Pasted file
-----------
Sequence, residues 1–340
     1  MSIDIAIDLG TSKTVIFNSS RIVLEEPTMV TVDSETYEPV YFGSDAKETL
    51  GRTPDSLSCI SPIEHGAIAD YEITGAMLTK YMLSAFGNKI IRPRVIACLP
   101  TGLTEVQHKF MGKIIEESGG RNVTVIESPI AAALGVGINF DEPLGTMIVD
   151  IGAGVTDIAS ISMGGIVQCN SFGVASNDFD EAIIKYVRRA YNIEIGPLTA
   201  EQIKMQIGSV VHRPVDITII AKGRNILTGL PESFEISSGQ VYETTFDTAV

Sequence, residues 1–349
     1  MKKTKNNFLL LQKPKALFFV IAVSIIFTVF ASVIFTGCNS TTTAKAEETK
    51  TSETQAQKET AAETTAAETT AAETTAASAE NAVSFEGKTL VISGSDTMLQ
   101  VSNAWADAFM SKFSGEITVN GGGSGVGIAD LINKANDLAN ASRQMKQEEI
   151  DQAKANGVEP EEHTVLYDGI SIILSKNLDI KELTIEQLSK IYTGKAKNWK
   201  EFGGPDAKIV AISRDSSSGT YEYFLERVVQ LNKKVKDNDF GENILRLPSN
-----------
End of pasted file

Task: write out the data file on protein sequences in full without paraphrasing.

Sequence, residues 1–340
     1  MSIDIAIDLG TSKTVIFNSS RIVLEEPTMV TVDSETYEPV YFGSDAKETL
    51  GRTPDSLSCI SPIEHGAIAD YEITGAMLTK YMLSAFGNKI IRPRVIACLP
   101  TGLTEVQHKF MGKIIEESGG RNVTVIESPI AAALGVGINF DEPLGTMIVD
   151  IGAGVTDIAS ISMGGIVQCN SFGVASNDFD EAIIKYVRRA YNIEIGPLTA
   201  EQIKMQIGSV VHRPVDITII AKGRNILTGL PESFEISSGQ VYETTFDTAV

Sequence, residues 1–349
     1  MKKTKNNFLL LQKPKALFFV IAVSIIFTVF ASVIFTGCNS TTTAKAEETK
    51  TSETQAQKET AAETTAAETT AAETTAASAE NAVSFEGKTL VISGSDTMLQ
   101  VSNAWADAFM SKFSGEITVN GGGSGVGIAD LINKANDLAN ASRQMKQEEI
   151  DQAKANGVEP EEHTVLYDGI SIILSKNLDI KELTIEQLSK IYTGKAKNWK
   201  EFGGPDAKIV AISRDSSSGT YEYFLERVVQ LNKKVKDNDF GENILRLPSN